Judging by the stinging reaction on social media, some people were shocked at learning that Las Vegas Mayor Carolyn Goodman said the media was “destroying us” by overhyping the seriousness of the coronavirus pandemic.
They shouldn’t have been.
Goodman’s comments were tone deaf and distracting, but they were pretty predictable coming from the great Las Vegas cheerleader. Her comments came at a Las Vegas Convention and Visitors Authority meeting, where she serves as a board member and enjoys the perquisites that go with her status as the thrice-elected official face of the City of Las Vegas. And in fairness, she also talked about taking appropriate precautions such as hand washing. But then she couldn’t help herself. Perhaps it’s the nature of that cheerleading job.
“This is not a time for fear to consume everything,” she said, according to the Las Vegas Sun. “The media is absolutely destroying us. I have yet to see a doctor who espouses the voice of social media and what the media is doing here.”
For good measure Goodman added, “When you turn on the TV or whatever podcast, it’s not about our great hockey team or that we’re going to have the NFL Draft. This is not a time for us to be wimps; it’s a time for us to be proud.”
Yes, it’s true that the Las Vegas press has let a worldwide pandemic interrupt its endless gushing over a hockey team, a football draft, or the latest PR snapshot from the Raiders stadium construction. Guilty as charged.
Her comments drew some barbs from the press and social media, the most entertaining of which came from those who compared her to Larry Vaughn, the mayor of Amity in “Jaws.” As stinging rebukes go, it was pretty tame stuff.
In short, Goodman vilified a group that, in the main, didn’t deserve it, offered an unqualified medical opinion that contradicted credible experts, and gave a pep talk to a group that shouldn’t have needed one. At the risk of being labeled one of those wimps, I don’t think her comments were helpful.
I may lose my “born-and-raised” card for saying it, but I think you can be proud and still use Purell, try to avoid crowds, listen to medical authorities and, yes, even skip the company trade show in Vegas. For some that’s multi-tasking in the real world, for others it’s sacrilege.
But, really, what did anyone expect from the mayor of Las Vegas?
It’s an out-sized ribbon-cutting role that grows and shrinks with the personality of the officeholder. And if there’s one thing Carolyn Goodman and her husband and predecessor Oscar Goodman have is personality in abundance. That’s good when giving over-the-top “happiest mayor” speeches to conventioneers, but it often doesn’t translate when the issues are more serious.
What would have been refreshing to hear is an elected city official raise the issue of whether Las Vegas, which prides itself as America’s great 24-hour open city, is ahead of the curve when it comes to potential viral outbreaks. We invite the world to visit and tell them that just about anything goes. Doesn’t it make sense to implore the gaming and tourism industry to more proactive?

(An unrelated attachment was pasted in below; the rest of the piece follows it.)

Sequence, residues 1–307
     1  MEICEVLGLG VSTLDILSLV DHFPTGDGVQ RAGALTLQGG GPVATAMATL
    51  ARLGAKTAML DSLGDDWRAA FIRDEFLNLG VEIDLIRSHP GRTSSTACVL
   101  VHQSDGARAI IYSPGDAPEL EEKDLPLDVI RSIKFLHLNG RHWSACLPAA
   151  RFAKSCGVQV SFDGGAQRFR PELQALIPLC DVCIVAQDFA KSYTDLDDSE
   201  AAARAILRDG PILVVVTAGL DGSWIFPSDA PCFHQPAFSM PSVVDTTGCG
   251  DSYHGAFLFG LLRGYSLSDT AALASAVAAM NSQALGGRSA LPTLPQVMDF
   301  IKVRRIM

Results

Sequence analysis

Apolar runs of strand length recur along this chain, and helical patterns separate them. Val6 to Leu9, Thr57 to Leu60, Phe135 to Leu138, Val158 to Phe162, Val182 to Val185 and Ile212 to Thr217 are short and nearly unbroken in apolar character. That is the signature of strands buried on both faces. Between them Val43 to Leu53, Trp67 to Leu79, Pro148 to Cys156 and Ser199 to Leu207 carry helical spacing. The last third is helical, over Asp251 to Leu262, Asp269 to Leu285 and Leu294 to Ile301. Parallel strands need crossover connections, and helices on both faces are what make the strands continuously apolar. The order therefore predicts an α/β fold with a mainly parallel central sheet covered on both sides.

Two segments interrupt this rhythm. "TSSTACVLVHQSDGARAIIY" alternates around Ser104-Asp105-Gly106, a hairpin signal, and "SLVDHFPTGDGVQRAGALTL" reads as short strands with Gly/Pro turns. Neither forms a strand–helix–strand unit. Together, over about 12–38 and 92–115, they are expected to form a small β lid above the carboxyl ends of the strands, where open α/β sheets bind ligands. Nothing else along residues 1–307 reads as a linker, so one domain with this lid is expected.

But as with most industries, it takes an emergency — an MGM Grand fire, a 1 October mass shooting — to force change in a place that does a remarkable job of housing, feeding, and entertaining millions of visitors a month. This is a withering time for the Las Vegas economy and its working people, but it also provides a learning moment our flashy factory town.
Fortunately, some officials have gotten it right early. Nevada Gov. Steve Sisolak, for example, on Thursday evening declared a state of emergency in an effort to open up additional resources to combat COVID-19 and its complex economic side effects. Corporations and the Culinary Union have ramped up changes in policies and employee protections. There will be painful days ahead, but this crisis can have a unifying effect if the right leaders step up.
And the press also has a role to play. I had to smile after hearing Goodman’s comments and watching some of the images depicted by the local television news stations, with their graphics that make the coronavirus look like asteroids threatening the planet. But that’s nothing compared to the laconic and misleading response that’s spewed from the White House in defiance of medical science.
President Trump has gotten a lot of mileage out of blaming the media for daring to question his tragicomic and downright dangerous lack of veracity. In the midst of a pandemic, he’s still shaking hands and sending a message the rules don’t apply to him.
The truth is, in the halls of power vilifying reporters rarely goes out of style – and some deserve it. In select local political circles these days, scapegoating the press as the enemy out to destroy us has become positively de rigueur.
John L. Smith is an author and longtime columnist. He was born in Henderson and his family’s Nevada roots go back to 1881. His stories have appeared in Time, Readers Digest, The Daily Beast, Reuters, Ruralite and Desert Companion, among others. He also offers weekly commentary on Nevada Public Radio station KNPR. His newest book—a biography of iconic Nevada civil rights and political leader, Joe Neal— “Westside Slugger: Joe Neal’s Lifelong Fight for Social Justice” is published by University of Nevada Press and is available at Amazon.com. Contact him at email@example.com. On Twitter: @jlnevadasmith